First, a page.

3) Maybe our interests aren’t so common after all. Keeping tabs on your circle of friends is what it’s all about. A funny status message here, a heartfelt photo there…everything’s great, right?  But as people have become more adept with social media communication tools and as mobile phones provide instant access, some of our conversational filters have gone by the wayside. Especially in an election season, it’s easier than ever to hide behind the social media wall and post provocative, denigrating, or flatly wrong messages. Need proof? Check The 40 Absolutely Worst People In America and try not to vomit.

4) Other sites are better for news. Granted, Twitter and Facebook serve different purposes, but if you want breaking news as it happens or are trolling the web for something to catch your interest, your time is much better spent reading your Twitter feed. Twitter’s platform is faster, cleaner, and easier to scan…and it’s searchable. That doesn’t make Twitter more fun, just more useful. Content aggregators such as Huffington Post and mobile apps like Flipboard allow you to customize content that you want to see, filtering out the stuff you don’t. Users are catching on, but Facebook is lagging behind.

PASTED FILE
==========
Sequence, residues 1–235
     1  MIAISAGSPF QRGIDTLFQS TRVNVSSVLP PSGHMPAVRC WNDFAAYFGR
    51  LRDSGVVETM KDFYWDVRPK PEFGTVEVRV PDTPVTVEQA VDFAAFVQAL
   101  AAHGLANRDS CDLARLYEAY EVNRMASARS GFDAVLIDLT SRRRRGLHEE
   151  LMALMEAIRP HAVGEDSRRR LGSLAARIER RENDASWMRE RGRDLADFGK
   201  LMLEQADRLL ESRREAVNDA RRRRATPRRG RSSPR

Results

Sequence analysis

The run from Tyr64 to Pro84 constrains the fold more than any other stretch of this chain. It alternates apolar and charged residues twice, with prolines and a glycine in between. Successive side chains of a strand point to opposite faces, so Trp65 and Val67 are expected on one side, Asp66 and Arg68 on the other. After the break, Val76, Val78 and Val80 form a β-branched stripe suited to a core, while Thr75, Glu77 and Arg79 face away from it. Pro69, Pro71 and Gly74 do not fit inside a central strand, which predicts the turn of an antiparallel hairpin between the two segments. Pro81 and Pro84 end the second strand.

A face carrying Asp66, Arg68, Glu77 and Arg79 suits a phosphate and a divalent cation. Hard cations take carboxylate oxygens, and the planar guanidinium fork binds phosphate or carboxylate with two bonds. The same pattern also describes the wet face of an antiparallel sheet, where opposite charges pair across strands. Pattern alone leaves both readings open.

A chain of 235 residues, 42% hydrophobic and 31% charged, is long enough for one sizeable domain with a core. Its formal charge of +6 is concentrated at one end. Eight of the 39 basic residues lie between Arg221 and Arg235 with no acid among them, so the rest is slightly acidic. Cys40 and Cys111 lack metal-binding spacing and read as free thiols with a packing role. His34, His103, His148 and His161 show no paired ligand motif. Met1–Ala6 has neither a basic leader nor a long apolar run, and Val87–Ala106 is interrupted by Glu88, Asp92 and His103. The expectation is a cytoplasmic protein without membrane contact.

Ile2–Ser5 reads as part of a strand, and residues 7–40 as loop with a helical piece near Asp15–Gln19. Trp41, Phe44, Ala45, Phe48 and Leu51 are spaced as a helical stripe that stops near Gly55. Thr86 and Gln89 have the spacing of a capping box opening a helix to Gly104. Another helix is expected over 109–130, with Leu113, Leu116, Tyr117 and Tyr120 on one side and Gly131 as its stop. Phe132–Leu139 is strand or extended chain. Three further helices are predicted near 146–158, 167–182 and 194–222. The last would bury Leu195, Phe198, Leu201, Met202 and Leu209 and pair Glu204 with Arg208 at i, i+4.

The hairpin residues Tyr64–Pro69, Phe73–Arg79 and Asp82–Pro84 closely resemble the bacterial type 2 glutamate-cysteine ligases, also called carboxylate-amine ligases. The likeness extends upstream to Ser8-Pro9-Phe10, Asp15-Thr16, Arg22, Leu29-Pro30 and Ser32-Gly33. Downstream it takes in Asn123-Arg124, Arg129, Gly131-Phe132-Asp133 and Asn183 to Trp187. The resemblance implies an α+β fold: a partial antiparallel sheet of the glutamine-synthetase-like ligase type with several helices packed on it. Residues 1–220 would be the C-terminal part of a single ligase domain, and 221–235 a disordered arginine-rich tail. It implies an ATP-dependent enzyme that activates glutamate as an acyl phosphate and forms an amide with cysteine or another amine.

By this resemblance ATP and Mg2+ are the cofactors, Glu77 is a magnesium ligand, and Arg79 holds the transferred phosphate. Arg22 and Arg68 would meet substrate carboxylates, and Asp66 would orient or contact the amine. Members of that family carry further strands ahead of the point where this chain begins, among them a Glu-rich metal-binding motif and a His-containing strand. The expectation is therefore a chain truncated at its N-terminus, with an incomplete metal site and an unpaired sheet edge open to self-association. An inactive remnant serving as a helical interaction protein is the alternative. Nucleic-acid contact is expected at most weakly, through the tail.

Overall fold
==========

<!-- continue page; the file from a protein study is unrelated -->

5) Other apps are more fun. Whereas you used to check your Facebook feed at every stop light, now you play Words with Friends. Whereas you used to harvest your crops on Facebook’s Farmville, now you kill pigs on Angry Birds. This intangible obstacle may be Facebook’s biggest challenge, because it’s simply the natural result of a product’s life cycle. People get tired and bored with the same old stuff, and a newer, shinier object emerges…which causes the product to attempt “enhancements” to keep your business (see #2 above).

So, long story short…does this apparent decline mean I’m going to stop using Facebook? No, not quite yet. For now, it’s still the best way to share information — or in my case, photos of my wedge salads – as well as links to great content with your circle of friends.

After all…I just updated my status with a link to this blog post.

 
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Posted by on January 17, 2012 in Random, Thoughts, Work